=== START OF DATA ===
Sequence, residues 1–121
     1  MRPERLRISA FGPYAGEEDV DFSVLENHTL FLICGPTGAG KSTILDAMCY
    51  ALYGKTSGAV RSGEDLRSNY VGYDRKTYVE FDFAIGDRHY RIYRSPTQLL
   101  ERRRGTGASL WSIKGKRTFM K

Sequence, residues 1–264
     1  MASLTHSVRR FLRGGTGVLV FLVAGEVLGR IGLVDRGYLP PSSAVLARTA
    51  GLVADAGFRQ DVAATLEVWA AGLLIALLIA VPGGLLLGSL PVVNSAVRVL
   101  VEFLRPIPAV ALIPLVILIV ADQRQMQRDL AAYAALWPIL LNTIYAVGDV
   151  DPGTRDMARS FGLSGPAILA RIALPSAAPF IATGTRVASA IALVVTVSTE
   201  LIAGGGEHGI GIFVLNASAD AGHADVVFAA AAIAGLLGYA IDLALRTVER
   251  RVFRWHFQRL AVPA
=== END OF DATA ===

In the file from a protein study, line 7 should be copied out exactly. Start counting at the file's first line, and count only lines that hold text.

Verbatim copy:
    51  GLVADAGFRQ DVAATLEVWA AGLLIALLIA VPGGLLLGSL PVVNSAVRVL